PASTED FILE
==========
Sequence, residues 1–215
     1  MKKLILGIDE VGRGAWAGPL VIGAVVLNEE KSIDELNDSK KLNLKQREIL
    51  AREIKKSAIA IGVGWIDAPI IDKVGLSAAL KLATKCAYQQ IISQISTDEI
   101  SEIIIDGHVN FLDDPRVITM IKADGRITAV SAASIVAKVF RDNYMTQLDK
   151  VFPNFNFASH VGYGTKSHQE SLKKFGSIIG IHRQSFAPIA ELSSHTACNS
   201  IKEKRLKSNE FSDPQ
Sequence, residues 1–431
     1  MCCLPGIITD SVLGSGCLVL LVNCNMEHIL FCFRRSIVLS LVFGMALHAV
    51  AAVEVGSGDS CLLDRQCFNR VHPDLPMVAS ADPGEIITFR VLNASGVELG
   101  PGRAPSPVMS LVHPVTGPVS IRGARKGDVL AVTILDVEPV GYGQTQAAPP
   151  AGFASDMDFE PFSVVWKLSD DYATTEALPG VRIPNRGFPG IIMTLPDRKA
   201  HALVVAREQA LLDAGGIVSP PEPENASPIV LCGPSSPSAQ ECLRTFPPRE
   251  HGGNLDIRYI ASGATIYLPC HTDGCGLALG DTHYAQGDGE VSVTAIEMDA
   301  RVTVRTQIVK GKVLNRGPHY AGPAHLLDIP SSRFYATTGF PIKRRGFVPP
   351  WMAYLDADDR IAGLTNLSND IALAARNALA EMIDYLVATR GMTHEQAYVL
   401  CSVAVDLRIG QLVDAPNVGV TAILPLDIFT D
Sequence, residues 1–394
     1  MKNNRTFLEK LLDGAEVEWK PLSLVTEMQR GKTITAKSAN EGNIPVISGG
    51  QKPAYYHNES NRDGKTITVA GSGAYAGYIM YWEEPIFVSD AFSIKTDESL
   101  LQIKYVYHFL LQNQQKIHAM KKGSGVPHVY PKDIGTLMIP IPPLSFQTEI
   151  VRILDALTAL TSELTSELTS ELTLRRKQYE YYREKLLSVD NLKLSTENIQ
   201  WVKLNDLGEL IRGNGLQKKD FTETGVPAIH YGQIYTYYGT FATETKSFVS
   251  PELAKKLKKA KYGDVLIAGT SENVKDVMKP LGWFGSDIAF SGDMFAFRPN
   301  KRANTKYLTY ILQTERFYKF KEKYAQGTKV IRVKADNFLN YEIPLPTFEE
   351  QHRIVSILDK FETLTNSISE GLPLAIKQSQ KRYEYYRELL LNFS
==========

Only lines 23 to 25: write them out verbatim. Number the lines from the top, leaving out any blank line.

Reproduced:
   251  PELAKKLKKA KYGDVLIAGT SENVKDVMKP LGWFGSDIAF SGDMFAFRPN
   301  KRANTKYLTY ILQTERFYKF KEKYAQGTKV IRVKADNFLN YEIPLPTFEE
   351  QHRIVSILDK FETLTNSISE GLPLAIKQSQ KRYEYYRELL LNFS